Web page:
If you have even a small yard you can grow vegetables. You can grow chickens and eggs. If you don’t have a yard but you have a window sill you can grow herbs and spices. If you have a patio you can grow luscious tomatoes and peppers. If you have a good relationship with your apartment manager and some persuasion skills you may be able to convince him or her of the wisdom of building a greenhouse system. Vertical gardening done properly can produce an enormous amount of food in a minimal space.

Consider how growing your own food, even if it’s only a fraction of your total needs, can tick off Maslow’s boxes.

You provide yourself and your family with sustenance. With nutrition. You can perhaps provide your neighbors with the same. What could that do?

Physiologically your nutritional needs could be at least partially met by your own efforts. Meeting those nutritional needs provides at least some measure of bodily security. The effort could be made into a family project which meets many of your needs for belonging and closeness. To learn a craft like gardening, which you may be completely unfamiliar with, is a difficult challenge and would certainly provide a sense of accomplishment. The creativity required for solving the complex problems of dealing with limited budget or space checks off the capstone of Maslow’s hierarchy.

By expanding the scope of cooking to food production you will have at least partially met every single human need according to Maslow. The scientific consensus would be that you have done well and deserve to eat the juciest, most tender lemon grass chicken you have ever tasted. The long term, goal oriented gratification would be ever so sweet.

Clothing as Entertainment

Perhaps fashion is your thing. The same principles I used above to expand your interest into the full breadth of an industry can be applied to clothing.

A trip to Joann’s Fabric store for the first time might elicit a passionate addictive response for someone interested in doing and producing, rather than only consuming and, well, not doing. Imagine the possible creative outlets and the utility of learning to design and make your own clothes.

Once upon a time making your own clothing was a less expensive alternative to the big department stores. Not long before that, creating your own wardrobe was mandatory for many. Now the art and skill of the custom seamstress or tailor is being lost, one baby boomer at a time.

The market for fashioning clothing from material has been closed off for some. Sadly, the labor has been outsourced and you can buy clothes off the rack made by factory workers overseas making pennies. Their skill is exploited and those of more developed countries are losing their ability because the art is not being passed down.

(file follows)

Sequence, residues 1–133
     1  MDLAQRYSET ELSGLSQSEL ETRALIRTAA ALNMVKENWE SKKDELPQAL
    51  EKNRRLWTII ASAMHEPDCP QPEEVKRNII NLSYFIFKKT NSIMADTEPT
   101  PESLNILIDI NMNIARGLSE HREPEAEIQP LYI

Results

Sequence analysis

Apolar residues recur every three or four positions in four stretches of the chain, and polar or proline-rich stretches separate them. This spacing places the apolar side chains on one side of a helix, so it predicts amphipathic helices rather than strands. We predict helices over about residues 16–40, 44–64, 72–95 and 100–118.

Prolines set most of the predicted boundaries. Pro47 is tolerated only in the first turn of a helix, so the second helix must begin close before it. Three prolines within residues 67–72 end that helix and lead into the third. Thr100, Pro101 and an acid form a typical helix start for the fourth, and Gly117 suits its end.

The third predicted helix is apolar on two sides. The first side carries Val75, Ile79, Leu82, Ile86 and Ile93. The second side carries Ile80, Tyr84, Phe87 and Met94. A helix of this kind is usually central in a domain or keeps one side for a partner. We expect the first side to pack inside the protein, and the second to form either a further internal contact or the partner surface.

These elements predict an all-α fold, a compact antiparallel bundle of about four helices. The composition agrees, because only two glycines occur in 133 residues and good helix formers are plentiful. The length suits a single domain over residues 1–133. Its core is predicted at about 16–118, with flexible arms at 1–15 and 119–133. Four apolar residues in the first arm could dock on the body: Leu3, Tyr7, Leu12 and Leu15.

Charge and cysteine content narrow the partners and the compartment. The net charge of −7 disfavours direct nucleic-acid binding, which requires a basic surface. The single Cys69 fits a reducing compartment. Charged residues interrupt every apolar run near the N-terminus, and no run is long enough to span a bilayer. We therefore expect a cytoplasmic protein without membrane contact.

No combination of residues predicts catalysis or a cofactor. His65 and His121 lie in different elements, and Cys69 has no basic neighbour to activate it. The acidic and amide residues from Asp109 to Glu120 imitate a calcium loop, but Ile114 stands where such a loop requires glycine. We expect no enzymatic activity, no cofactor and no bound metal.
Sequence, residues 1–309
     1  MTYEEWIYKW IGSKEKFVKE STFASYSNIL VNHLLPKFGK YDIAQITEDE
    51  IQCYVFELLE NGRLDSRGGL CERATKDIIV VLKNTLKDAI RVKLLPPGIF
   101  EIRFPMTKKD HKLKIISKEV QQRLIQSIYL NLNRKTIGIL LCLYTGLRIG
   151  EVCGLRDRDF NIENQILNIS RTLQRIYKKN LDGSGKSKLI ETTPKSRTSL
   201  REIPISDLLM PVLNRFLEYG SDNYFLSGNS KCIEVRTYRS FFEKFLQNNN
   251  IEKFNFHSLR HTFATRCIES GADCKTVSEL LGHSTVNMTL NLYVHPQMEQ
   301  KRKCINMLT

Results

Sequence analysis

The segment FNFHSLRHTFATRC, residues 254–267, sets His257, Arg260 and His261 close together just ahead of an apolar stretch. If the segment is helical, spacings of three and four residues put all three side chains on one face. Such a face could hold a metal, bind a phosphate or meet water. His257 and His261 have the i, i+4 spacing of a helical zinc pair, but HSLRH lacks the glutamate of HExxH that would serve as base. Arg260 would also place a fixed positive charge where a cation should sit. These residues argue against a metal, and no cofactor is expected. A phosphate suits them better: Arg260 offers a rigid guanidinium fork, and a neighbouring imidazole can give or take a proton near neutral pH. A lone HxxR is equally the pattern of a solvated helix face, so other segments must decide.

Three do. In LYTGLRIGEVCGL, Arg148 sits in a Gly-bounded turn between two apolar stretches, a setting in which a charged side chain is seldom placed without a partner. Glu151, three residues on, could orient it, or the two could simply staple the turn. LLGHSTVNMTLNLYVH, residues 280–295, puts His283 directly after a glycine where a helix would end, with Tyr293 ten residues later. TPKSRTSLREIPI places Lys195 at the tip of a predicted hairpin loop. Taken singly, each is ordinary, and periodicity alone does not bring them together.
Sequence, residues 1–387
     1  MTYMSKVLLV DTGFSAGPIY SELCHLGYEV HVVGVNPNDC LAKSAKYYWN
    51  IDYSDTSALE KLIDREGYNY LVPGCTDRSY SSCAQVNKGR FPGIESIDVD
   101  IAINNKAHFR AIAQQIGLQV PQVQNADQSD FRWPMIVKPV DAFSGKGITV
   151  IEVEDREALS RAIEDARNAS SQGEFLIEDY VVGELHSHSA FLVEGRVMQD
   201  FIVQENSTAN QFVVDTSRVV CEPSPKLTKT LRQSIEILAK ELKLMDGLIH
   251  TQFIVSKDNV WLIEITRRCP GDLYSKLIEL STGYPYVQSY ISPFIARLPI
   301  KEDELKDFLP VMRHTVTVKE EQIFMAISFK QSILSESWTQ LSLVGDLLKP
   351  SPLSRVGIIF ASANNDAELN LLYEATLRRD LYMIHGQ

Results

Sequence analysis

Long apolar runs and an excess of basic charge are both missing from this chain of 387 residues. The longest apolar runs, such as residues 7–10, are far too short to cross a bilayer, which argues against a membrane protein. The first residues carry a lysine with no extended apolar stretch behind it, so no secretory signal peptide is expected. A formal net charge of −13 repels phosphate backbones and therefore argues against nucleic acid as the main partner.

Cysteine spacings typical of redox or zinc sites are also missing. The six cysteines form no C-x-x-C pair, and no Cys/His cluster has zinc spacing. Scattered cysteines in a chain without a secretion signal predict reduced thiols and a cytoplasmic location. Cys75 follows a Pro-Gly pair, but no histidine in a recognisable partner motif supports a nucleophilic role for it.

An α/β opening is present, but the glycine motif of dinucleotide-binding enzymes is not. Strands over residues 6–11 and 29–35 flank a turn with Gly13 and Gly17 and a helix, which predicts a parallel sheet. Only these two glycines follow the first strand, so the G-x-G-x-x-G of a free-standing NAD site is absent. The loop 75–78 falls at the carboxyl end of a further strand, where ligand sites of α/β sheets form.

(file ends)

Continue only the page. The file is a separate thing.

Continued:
Going further, from materials in Joann’s the more industrious among us may want to learn about textiles in general, and how they are made. As with cooking, the journey to your closet may cover thousands of miles. What if the old knowledge were revived and a cottage industry built around one of a kind textiles and high quality materials could be established again?

The one who would trade their obscenely expensive shopping habit for an education in textile production or custom clothing design, without the benefit of t-shirt print shops, may someday find him or herself in a once again booming industry.

For those with eyes to see, the imminent difficulties in overseas shipping and logistics are crystal clear. What if your practical entertainment today could become your head start in in a vital industry tomorrow? What if you were the one positioned and well trained to fill in the gap in the supply chain, ready at a moment’s notice to scale up and provide your neighbors with protection from the elements, with a chic twist of course?

Once again, every single step in Maslow’s Hierarchy of Needs could be filled by simply expanding a natural interest in fashion into a fuller understanding of the complete process of clothing production.

A HandyPlan

Modern ladies may claim to love effeminate guys with soft hands and a perfect manicure… but most don’t, really. They only say that because it’s currently fashionable and part of their digital conditioning. In real reality, not much is sexier than a guy who has the motive, means, ability and the tools to fix anything that needs fixing, anytime, anywhere.

The myth of toxic masculinity ends with the handyman. He is the Jack of All Trades, the Master of Some. He is a collector. He has collected every tool for every conceivable situation and he knows how to use them. He tinkers for fun, and his practical entertainment makes him a man so useful and so sought after in a pinch that rather than being toxic, with his dirty hands and soiled jeans, he is a breath of fresh air.

The handyman is resourceful. He has the ability to take what is available and turn it into a win, whether in a residence or in life. He’s driven to get things done by any means necessary. If his employer provides the needed resources he can fix it right. If his employer can’t provide a lot of money for parts or materials the handyman can pull off an acceptable fix with nearly anything on hand.